I still remember my first experience getting on a video conference meeting for a job interview; the anxiety of going through the interview, coupled with the nervousness of getting in front of a “live” camera for the first time can be pretty intense! While that was many years ago, and I’ve certainly gotten over feeling anxious in front of a camera, there are still many of us who have not had opportunities to experience being interviewed via video conferencing.
According to a survey conducted by Software Advice on “Applicant Preferences for Video Job Interviews”, more than 60% of hiring managers and recruiters now use video for their remote job interviewing needs. Of the 400 people surveyed, only 30% of respondents had completed two or more video interviews, and of this figure, just 2% of respondents had completed five or more video interviews. With hiring managers’ and recruiters’ increasing preference for video interviews, coupled with the globalised nature of many organisations, this can potentially be a stressful situation for a lot of applicants who have not had much experience with the technology.
This led me to wonder, when did technology become a fear factor? Shouldn’t job interviews be about the hiring managers and candidate getting a better understanding of each other and fulfilling the requirements for the role? Technology, such as video conferencing, should be an intuitive tool for remote job candidates, as easy as making a phone call, and should not be seen as an added layer of stress for an already nervous interviewee!
At Polycom, external candidates are provided the option to join a video interview via Polycom RealPresence CloudAXIS, where the only requirements are a laptop or PC with a mic and webcam. A meeting hyperlink is sent to the candidates directing them to the virtual meeting room, where it is as simple as clicking and connecting via the browser.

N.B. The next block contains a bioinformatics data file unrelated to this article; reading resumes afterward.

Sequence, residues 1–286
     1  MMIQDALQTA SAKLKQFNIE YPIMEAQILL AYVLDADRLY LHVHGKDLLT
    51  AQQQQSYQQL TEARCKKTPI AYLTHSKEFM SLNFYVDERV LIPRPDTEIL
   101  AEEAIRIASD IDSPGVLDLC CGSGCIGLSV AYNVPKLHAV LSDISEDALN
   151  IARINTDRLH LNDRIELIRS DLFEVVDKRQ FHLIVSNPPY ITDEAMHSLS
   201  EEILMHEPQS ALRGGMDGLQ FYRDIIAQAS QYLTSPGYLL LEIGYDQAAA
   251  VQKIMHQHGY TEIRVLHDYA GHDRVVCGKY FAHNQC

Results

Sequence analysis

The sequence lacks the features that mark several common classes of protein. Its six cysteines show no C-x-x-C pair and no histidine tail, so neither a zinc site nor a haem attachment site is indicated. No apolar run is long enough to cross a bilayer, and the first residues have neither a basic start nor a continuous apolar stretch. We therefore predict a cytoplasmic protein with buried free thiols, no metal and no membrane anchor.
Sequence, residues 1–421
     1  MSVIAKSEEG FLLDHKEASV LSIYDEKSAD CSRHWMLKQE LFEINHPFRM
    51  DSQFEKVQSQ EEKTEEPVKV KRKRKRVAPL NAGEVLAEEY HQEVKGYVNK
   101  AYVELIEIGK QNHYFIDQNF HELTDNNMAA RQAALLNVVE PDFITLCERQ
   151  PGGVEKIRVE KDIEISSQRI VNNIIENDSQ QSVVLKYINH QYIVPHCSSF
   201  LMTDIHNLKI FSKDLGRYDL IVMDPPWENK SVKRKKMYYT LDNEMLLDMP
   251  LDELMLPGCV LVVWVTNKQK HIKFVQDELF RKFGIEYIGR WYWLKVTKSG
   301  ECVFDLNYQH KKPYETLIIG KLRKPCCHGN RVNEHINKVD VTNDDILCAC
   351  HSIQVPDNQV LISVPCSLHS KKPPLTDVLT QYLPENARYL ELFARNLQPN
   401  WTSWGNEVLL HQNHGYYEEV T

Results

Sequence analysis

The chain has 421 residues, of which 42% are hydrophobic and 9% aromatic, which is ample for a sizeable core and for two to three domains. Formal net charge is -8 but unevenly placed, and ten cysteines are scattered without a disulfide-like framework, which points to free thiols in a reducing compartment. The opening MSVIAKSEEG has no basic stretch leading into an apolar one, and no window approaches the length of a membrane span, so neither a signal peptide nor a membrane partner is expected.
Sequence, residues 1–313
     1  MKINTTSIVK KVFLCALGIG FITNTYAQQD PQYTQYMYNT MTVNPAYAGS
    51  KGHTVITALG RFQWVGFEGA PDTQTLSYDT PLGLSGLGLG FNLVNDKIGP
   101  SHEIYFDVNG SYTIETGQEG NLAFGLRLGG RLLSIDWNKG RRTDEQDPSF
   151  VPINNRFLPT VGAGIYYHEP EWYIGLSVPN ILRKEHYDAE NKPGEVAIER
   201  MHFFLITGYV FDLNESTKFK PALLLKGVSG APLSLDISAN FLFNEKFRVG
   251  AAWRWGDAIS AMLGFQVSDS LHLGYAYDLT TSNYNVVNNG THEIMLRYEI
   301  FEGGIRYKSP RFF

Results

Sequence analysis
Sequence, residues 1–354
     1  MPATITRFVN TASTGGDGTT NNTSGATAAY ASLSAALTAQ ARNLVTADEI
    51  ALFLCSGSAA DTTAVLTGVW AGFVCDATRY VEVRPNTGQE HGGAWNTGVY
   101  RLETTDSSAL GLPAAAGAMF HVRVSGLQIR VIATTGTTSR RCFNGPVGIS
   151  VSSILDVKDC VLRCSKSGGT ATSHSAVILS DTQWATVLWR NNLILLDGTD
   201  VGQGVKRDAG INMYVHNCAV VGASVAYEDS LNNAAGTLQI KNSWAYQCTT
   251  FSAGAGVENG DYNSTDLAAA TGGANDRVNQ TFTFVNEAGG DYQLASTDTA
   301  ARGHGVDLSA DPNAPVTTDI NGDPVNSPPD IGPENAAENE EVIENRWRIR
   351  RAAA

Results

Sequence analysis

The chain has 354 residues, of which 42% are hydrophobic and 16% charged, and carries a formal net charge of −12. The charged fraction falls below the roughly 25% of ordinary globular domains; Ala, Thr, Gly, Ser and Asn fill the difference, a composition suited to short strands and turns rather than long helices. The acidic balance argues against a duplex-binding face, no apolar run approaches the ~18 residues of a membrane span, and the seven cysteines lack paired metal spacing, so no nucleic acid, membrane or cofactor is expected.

However, if you have received an invitation for an interview via a video conferencing platform you’ve not experienced before, here are some pointers to help figure out the technology prior to the interview:
Find out more about the platform/ software, and set your device up properly You don’t have to be a techie, but the least you should do is search online to check the capability of the device you’re taking the interview from. You can also ask the recruiter if there is an online guide that you can refer to set your device up.
Request a trial run Don’t be shy about asking for a trial run! Recruiters would also like to ensure that the interviews happen without a glitch. Particularly when you are new to the platform, ask for a brief trial run with the recruiter. Also make sure that you test the device that you will be using, preferably from the same location you intend to take the interview from, for audio and video quality, volume, lighting and positioning. Ask the person helping you with the trial run for feedback on your video and voice quality, volume, and lighting. This is to make sure that the interview experience is true to life and “as good as being there”.
I hope these tips help with getting over some of the anxiety of a video interview, leaving you to focus on getting that job!